It is interesting that the Chinese rating agency Dagong has recently awarded U.S. Treasury securities an investment bond rating of BBB+, two notches above noninvestment or junk bond grade.  Of course our politicians point out that such a rating is “politically” motivated.  Moody’s and Standard & Poor’s ratings rate our own Treasury debt as AAA and AA+ respectively, essentially their very highest rating.  Of course Moody’s rating of Chinese debt as A1 is also likely politically motivated.  Indeed Moody’s and Standard and Poor’s ratings of our own Treasury debt may actually be politically motivated.  These agencies exist at the licensing pleasure of our government, and if they rated Treasury debt as their rating formulas really call for, they could endanger losing their license to remain in business.  So don’t wait for the rating agencies to warn you as to when our Treasury debt is no longer investment grade.

Since those now seemingly innocent years of the last financial crash, most of the financial metrics are worse than they were ten years ago!  However one metric, that of the stock market, apparently suggests that our economy is just booming.  Yes, the Dow Jones Industrial average is rising into ever higher record territory, now exceeding 26,000 - and this market is called a bull market.  A bull market?  Really?  More likely, that is just a bunch of bull.  Would investors still call it a bull market if the Dow rose to 50,000 by the end of 2018?  What if it rises to 100,000?

With regards to the real economy, it truly is consoling to see that our current president is not only intent on improving citizen job opportunities and wages, but has the skill to actually deliver on those goals.  It is equally great to see him engaging world business leaders at the Davos conference, and selling America as a great place to do business.  His actions will have positive consequences for our economy.  

More business means higher incomes, and results in higher government tax revenue. This is what can be referenced as elements affecting the income statement side of the country.   America is moving in the right direction.  But then there is also the balance sheet side to this consideration.  Our debt is expected to increase another $10 trillion over the next decade because of tax reduction legislation, and increased military and infrastructure spending.  That will continue to raise the debt/GDP ratio to an even more dangerous level.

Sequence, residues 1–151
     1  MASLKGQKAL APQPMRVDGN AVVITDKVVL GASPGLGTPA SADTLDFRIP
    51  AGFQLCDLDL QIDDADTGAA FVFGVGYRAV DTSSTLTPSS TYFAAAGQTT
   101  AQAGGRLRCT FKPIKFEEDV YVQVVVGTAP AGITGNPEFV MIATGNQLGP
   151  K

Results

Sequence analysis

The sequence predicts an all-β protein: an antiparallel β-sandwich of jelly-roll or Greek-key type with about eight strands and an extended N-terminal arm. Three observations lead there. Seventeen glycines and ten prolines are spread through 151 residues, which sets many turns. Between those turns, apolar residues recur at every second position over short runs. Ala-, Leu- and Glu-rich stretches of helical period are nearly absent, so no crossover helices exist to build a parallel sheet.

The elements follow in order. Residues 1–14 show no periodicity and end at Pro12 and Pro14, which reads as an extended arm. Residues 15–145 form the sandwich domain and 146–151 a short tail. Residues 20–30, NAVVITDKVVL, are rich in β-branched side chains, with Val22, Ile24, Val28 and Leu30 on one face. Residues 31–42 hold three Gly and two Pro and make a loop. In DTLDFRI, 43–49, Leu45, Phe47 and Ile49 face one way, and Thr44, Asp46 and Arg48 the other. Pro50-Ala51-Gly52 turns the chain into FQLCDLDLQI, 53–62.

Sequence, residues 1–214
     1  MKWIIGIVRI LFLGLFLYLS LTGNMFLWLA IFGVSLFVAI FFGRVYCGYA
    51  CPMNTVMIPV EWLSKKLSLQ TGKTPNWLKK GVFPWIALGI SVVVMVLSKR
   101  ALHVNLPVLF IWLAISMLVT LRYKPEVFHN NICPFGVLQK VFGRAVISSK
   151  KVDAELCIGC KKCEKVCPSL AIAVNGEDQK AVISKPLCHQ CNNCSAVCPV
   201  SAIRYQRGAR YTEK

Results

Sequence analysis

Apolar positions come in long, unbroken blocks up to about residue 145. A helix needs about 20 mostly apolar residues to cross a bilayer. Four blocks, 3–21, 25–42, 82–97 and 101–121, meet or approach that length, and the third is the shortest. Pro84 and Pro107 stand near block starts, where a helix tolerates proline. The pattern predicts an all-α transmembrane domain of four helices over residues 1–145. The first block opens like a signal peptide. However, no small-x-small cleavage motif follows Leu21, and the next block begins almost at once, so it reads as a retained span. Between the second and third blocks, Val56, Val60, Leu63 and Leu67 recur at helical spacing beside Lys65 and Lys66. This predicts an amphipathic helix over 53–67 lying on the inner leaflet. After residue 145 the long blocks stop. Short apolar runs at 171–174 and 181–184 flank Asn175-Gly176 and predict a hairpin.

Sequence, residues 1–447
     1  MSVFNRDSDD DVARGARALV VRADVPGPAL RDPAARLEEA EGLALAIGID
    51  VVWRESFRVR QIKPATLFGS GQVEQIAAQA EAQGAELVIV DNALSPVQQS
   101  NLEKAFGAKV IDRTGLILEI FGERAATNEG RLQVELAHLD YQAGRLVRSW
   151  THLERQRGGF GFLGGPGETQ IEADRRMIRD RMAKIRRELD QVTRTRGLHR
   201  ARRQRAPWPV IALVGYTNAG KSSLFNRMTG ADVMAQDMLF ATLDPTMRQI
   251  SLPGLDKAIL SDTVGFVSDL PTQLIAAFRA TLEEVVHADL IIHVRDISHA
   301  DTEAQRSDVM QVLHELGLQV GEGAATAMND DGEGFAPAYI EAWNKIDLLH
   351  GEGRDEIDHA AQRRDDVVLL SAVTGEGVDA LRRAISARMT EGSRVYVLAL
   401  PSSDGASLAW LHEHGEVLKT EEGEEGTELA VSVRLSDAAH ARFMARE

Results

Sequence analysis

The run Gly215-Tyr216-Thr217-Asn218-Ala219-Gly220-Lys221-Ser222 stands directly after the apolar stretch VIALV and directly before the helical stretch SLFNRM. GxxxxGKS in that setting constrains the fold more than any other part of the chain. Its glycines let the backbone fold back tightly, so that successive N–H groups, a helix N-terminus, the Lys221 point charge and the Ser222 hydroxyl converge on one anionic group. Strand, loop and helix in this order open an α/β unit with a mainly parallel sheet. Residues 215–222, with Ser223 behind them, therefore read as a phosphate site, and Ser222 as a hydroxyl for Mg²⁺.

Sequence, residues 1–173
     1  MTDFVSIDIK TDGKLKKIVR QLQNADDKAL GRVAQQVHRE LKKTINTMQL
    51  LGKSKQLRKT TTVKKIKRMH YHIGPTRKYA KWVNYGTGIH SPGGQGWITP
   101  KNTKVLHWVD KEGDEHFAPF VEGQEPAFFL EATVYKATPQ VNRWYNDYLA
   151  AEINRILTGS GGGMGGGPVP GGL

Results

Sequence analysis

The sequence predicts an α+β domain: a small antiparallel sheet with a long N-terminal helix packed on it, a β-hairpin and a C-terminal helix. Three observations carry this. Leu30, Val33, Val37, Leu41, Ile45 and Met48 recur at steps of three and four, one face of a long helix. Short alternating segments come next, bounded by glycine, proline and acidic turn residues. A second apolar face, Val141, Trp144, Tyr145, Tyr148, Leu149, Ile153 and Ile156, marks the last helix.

So as the market is responding to all the positive things this well-intentioned and successful president is doing for America, the stock market should continue to rise.  So is this still a bull market?   At what time do investors start to conceive that the rise in the stock market is not due the nation’s improving income statement, but rather that our dollar currency is rapidly losing its value?  So if the stock market were to rise to 50,000 by the end of the year, one could argue that it is not a bull market but a dangerous signal of an emergent hyperinflationary market.  It would mean that the ebullient feeling from a record high Dow, is likely mitigated by a reality that your favorite serving of cappuccino or latte now cost more than twenty dollars.  Caveat emptor!

The FED has already raised interest rates modestly, and has signaled its intent to raise them even more over time.  Remember that the effect of such a policy would be to slow an economy, raise the cost of credit, and thereby reduce the value of our bond and equity markets.  In addition, higher interest rates would likely crash financial derivatives which together with the higher rates would undermine faith in our fiat dollar system, evaporate bank capital making them once again insolvent or bankrupt.  Our modern electronic financial interconnectedness will add a new meaning to the words “global crisis”.  This is a good time to remember that sage advice of not fighting the FED.  Tighten your seat belts, it is going to be quite a ride.

Raymond Matison

Mr. Matison was an Institutional Investor magazine top ten financial analyst of the insurance industry, founded Kidder Peabody’s investment banking activities in the insurance industry, and was a Director, Investment Banking in Merrill Lynch Capital Markets.   He can be e-mailed at rmatison@msn.com

Copyright © 2018 Raymond Matison - All Rights Reserved

Disclaimer: The above is a matter of opinion provided for general information purposes only and is not intended as investment advice. Information and analysis above are derived from sources and utilizing methods believed to be reliable, but we cannot accept responsibility for any losses you may incur as a